What kind of technology do you work with on a daily basis, how has technology changed in the last few years in your field and how has that impacted you in your job?
Mostly Adobe Photoshop and In Design for book projects (Sometimes Corel Painter)….Mostly After Effects and Maya for animation projects. ON the animation side it has impacted my work because one person is now able to create projects that would’ve only been possible with a small team at the minimum years ago. Also, I do enjoy creating art digitally as it provides a lot more flexibility. Definitely miss the ability to “undo” if I am working traditionally.
What is the most difficult part for you about being in the business?
In terms of the animation side of things I would have to say that trying to get clients, especially locally based clients, to understand that quality animation does not come cheaply. A lot of people want Disney or Pixar quality for next to nothing.
In your travels, have you had any brushes with animation greatness?
Tons of brushes with animation greatness. When I was training at the Disney Glendale studios I got to learn from the best. Glen Keane, Mark Henn, Andreas Deja to name just a few. Doug Krohn was my mentor and taught me more in 4 months than I probably learned in total up to that time. In Florida I worked alongside some folks who “became” great. Bob Walker and Aaron Blaise (Directors of Brother Bear) Tony Bancroft and Barry Cook (Directors of Mulan) These are really just the tip of the iceberg of all the great folks I worked with. Now, who did I get to “meet” along the way? Frank Thomas, Ollie Johnston, Ward Kimball, Ray Harryhausen, Ralph Bakshi, Bill Plympton, and Frank Frazetta. WOW! I’m just a little old name dropper, huh?
Describe a tough situation you had in life.
I grew up relatively poor. Dad left when I was 12. Mom did her best to provide. Really admire her for that. Going to college wasn’t easy. Had to work my way through, pay off loans afterwards, etc… Everything after all that was, relatively speaking, smooth sailing.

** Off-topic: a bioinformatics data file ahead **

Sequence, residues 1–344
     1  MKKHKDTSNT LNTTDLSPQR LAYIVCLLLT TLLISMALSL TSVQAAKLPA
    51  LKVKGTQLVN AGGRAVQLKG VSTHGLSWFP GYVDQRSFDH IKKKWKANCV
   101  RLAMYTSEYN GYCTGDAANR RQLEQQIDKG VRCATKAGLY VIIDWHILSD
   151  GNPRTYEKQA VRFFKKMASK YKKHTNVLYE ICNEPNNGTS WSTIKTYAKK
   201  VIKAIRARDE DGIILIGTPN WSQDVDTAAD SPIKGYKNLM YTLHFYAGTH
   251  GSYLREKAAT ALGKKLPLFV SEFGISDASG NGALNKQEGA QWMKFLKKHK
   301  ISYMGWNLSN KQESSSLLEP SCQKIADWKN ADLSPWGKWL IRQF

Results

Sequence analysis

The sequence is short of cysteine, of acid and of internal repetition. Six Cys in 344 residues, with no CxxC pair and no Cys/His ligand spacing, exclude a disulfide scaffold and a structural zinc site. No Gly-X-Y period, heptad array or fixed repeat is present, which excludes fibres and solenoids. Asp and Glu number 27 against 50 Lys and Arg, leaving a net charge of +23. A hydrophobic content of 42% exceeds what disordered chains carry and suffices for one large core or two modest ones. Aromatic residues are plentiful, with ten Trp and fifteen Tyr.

Any side projects you’re working on that you’d like to share details of?
Always working on new book projects. Have a new book coming out soon about a robot. That’s all I will say.
Any unusual talents or hobbies like tying a cherry stem with your tongue or metallurgy?
I often think I should develop something like that, but so far I’ve been able to make a living with my writing and art skills. Many might consider these unusual talents or hobbies.
Is there any advice you can give for an aspiring animation student or artist trying to break into the business?
Having taught animation and illustration for many years at the college level I definitely do have some strong opinions on this matter. The first thing I would say is, “Don’t expect someone else to care more about your art than you do.” So many aspiring art students (Not all of them by any means, but definitely far too many) think that somehow art is supposed to be easy. They expect to knock something off in a couple of minutes or a couple of hours and have everyone “oooo” and “aaaa” over it. This is hard work if you are going to do it right, and, just remember, if you’re not putting the time and effort into your work, the guy or gal sitting next to you just might be working their tail off. Guess what? They’re the ones who are going to get all the work when you’re out in the real world. No one can impose a work ethic on you. You either develop that for yourself or you need to think about another line of work. This should be at the core of everything you do. Animation especially is incredibly demanding. You have to really love it to do it well. Also, don’t expect to be a “lead” anything on your first job. You must prove yourself all day every day, and that work ethic plays into this as well. Start small, but keep thinking big. Always keep an eye out for small opportunities to keep your hands in the business but keep applying for those dream positions at the same time.